21 April 2022 9:06 AM GMT
The Allahabad High Court recently set aside the life sentence awarded to two murder accused as it noted that the prosecution had failed to prove beyond reasonable doubt that the appellants/accused had murdered the deceased, who was allegedly their helper.The Bench of Justice Manoj Misra and Justice Sameer Jain further observed that was a complete lack of evidence of the deceased being last...
The Allahabad High Court recently set aside the life sentence awarded to two murder accused as it noted that the prosecution had failed to prove beyond reasonable doubt that the appellants/accused had murdered the deceased, who was allegedly their helper.
The Bench of Justice Manoj Misra and Justice Sameer Jain further observed that was a complete lack of evidence of the deceased being last seen alive with the accused, and therefore, the Court did not find it safe to confirm the conviction of the accused-appellants for the charge of murder of the deceased.
The case in brief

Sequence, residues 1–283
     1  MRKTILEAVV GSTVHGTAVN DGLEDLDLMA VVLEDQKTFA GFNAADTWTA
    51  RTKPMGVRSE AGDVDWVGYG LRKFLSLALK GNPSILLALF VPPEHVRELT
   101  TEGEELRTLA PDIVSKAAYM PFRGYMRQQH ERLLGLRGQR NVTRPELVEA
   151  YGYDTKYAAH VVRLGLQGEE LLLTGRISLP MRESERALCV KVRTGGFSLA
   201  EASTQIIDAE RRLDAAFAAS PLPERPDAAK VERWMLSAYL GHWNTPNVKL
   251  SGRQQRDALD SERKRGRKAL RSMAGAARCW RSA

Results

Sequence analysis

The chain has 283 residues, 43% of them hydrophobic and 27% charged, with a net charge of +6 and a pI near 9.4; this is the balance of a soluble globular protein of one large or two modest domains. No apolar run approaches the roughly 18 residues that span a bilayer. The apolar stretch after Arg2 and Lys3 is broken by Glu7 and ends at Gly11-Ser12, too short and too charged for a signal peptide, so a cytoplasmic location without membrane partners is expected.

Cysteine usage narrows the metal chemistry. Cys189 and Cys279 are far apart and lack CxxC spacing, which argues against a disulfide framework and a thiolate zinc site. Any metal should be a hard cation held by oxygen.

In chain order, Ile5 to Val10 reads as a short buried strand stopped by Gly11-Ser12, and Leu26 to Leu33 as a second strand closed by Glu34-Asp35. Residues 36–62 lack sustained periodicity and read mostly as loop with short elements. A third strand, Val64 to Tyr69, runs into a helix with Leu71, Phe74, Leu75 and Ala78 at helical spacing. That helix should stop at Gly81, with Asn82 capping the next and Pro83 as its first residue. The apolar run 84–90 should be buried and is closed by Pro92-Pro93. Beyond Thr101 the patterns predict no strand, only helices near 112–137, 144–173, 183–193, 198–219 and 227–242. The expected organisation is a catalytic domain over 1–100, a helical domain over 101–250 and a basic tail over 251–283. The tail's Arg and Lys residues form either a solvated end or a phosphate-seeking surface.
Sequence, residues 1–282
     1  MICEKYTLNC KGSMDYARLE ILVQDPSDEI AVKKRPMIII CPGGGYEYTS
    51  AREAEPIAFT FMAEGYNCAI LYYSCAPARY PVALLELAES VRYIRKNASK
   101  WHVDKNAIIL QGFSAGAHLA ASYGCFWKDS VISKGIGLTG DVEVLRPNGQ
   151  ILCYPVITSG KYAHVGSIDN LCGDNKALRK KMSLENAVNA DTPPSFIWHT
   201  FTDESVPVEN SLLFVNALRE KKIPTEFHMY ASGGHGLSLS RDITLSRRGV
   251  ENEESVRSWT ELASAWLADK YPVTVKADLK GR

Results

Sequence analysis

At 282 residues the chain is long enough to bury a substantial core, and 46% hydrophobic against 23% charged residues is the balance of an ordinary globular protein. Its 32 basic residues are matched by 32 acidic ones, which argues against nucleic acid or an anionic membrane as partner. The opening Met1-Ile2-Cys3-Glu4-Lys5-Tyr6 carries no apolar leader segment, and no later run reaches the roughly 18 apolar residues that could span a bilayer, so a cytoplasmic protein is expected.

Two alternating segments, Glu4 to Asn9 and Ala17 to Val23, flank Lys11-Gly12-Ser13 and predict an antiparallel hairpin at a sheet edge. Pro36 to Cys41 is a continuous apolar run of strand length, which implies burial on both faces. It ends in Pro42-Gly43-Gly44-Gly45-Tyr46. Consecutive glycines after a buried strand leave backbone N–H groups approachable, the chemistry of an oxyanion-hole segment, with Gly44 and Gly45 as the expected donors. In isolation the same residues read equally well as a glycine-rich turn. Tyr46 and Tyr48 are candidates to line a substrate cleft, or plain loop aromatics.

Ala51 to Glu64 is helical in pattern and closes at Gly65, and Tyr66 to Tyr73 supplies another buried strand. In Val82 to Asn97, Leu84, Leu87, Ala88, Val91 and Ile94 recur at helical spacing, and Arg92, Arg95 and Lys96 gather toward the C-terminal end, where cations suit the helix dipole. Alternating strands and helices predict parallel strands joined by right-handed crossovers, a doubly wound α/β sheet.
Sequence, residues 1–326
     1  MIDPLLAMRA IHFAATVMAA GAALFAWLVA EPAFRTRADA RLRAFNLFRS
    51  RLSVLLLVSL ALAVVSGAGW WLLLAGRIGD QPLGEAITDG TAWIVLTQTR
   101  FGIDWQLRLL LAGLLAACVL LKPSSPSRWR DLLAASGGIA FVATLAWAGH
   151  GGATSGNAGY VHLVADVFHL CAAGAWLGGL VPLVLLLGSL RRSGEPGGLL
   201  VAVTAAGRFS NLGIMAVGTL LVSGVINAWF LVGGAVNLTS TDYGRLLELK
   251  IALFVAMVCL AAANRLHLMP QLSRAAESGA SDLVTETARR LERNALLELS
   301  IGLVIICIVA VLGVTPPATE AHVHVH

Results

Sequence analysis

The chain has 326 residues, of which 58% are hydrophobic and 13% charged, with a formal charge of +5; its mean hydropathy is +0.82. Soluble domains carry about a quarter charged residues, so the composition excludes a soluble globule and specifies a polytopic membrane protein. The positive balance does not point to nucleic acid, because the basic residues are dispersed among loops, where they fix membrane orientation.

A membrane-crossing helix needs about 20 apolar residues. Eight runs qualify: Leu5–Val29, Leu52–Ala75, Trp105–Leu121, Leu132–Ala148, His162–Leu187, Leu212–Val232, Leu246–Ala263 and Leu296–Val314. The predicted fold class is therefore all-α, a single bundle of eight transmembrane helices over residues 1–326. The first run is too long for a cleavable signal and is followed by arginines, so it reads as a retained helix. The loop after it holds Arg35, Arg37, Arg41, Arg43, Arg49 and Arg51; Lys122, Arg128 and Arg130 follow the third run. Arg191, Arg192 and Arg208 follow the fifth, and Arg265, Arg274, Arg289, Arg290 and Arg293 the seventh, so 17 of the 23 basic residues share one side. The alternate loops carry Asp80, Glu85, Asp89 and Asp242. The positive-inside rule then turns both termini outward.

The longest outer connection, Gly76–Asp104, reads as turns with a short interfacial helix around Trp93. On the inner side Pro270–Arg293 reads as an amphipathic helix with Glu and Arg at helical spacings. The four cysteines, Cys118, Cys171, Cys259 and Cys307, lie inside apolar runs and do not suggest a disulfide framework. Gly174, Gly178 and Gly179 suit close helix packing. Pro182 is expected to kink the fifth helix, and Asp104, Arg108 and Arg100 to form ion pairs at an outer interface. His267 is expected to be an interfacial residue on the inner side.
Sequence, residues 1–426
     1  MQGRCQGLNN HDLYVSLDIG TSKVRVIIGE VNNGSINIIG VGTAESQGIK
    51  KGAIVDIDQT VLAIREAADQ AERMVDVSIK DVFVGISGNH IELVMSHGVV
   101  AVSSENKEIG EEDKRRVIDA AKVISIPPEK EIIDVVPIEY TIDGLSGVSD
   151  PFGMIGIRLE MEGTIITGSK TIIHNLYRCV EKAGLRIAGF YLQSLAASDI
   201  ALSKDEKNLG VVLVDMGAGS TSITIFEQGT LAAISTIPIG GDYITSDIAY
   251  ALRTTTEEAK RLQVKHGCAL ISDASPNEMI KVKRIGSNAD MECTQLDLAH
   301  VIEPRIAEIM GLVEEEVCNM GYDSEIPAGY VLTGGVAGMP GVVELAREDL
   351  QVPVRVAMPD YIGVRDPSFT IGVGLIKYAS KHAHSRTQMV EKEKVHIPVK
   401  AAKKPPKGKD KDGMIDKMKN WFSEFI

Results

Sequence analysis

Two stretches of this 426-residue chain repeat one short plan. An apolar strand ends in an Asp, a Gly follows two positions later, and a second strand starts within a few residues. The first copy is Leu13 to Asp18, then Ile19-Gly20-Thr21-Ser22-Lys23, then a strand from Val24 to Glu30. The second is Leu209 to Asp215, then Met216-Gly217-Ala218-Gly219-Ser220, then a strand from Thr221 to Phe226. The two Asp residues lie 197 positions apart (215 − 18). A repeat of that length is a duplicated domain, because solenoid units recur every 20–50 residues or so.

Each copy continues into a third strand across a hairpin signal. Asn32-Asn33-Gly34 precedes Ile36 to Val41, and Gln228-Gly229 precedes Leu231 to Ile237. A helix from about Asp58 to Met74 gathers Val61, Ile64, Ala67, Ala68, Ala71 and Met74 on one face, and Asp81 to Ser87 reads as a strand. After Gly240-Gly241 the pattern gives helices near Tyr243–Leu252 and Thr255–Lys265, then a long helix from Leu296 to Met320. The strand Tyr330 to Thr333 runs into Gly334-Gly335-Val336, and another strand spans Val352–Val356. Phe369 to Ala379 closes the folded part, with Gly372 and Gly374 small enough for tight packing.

As per the FIR, it was alleged that in the evening of December 30, 1999, the accused/appellants Naresh Kumar Sharma and his brother Satish Sharma brought their help Jaiveer/Mahaveer (deceased), took him to the upper 2 storey of their house, assaulted him and, thereafter, brought him on their shoulder to the ground floor and locked him in their shop.
It was alleged that the informant heard Jaiveer crying, and in the morning the informant came to know that Jaiveer was dead. During the course of the investigation, the body of the deceased was got identified and it was found to be not of Jaiveer but of Mahaveer.
Trial Court's findings
The trial court took into account the fact that the body was recovered from the shop of the accused; that the medical evidence indicated that that man was killed; that the body was identified to be of Mahaveer; that it was proved that Mahaveer was employed as a helper by the accused.
The Court further found that the accused had visited the house of Mahaveer to demand vehicle papers, which Mahaveer seemed to be withholding in lieu of his salary dues, and had threatened Mahaveer of dire consequences; that the accused resided on the upper floor of the building in the ground floor of which there was the shop from where the body of Mahaveer was recovered; and that sticks used to assault the deceased was recovered at the instance of appellant no.2.